In embodiments wherein the consumer places an order using their own electronic device, such as in electronic commerce applications or when ordering over the Internet, their electronic device may contain personalized data that may store the preferences on their device or in the restaurant's consumer database such as a data warehouse. In a web based application, a cookie or small data file may be stored in the consumer's web enabled device wherein the cookie may contain a link to the consumer's record in the database or the cookie itself may contain all of the preferences.

In other embodiments, the consumer may swipe a data card, such as an affinity card, that may have their specific preferences stored on the card itself. In such an embodiment, a remote database with personalized information may not be necessary as the specific dietary requirements are located within the card.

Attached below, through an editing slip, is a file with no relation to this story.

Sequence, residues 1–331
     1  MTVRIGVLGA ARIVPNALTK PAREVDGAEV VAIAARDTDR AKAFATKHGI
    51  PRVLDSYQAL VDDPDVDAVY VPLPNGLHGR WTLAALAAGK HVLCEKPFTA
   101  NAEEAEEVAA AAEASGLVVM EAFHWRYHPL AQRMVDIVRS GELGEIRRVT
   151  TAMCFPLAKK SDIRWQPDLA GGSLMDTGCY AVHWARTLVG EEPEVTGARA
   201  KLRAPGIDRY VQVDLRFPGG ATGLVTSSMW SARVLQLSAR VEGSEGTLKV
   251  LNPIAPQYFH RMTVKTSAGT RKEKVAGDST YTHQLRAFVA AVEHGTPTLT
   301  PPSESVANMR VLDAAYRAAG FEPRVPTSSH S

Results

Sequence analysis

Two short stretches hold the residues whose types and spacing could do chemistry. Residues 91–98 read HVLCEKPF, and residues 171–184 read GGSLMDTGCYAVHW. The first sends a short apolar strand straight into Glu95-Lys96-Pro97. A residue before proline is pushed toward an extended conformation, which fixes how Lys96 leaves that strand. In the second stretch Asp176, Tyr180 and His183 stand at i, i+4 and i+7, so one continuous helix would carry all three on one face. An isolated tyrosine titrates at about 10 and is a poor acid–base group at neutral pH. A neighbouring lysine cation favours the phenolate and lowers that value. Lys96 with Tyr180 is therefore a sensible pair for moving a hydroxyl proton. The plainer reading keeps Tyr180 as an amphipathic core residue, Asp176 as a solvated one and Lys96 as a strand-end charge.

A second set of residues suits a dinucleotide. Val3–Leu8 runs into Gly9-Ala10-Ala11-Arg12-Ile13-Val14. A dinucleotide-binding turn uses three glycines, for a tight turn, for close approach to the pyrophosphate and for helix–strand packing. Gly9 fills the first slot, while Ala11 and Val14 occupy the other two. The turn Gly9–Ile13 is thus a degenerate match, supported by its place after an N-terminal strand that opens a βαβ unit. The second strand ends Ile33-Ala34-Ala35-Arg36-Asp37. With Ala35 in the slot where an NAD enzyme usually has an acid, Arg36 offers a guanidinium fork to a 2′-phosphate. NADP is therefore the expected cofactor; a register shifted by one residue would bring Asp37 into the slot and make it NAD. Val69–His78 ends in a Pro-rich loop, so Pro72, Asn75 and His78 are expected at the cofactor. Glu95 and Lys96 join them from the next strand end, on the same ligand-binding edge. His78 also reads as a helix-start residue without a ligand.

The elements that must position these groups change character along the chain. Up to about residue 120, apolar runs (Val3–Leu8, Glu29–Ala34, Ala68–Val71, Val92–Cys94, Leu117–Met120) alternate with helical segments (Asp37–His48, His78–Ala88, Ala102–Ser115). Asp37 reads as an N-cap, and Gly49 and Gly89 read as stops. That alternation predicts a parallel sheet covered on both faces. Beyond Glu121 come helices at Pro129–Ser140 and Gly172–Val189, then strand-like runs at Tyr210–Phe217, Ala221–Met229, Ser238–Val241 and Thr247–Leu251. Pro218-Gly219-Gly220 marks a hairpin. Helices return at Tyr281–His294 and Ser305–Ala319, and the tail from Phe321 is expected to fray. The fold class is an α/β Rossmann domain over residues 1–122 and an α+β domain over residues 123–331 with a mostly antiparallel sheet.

The predefined preferences may be determined by explicitly querying the consumer about their preferences, such as enabling the consumer to select their preferences in block 112. In other cases, the preferences may be determined off-line by logging onto a website whereby the consumer may define the preferences and save them for future visits to a restaurant that accesses the website. In still other cases, a medical practitioner, athletic trainer, or other third party may define the specific preferences, requirements, or other criteria and force such criteria to be applied when the consumer selects their meals. In yet other embodiments, the consumer's previous choices may be used to determine their specific preferences. For example, a consumer's history of previous orders may be analyzed to determine that a consumer may have specific dietary preferences such as done in data warehouse systems.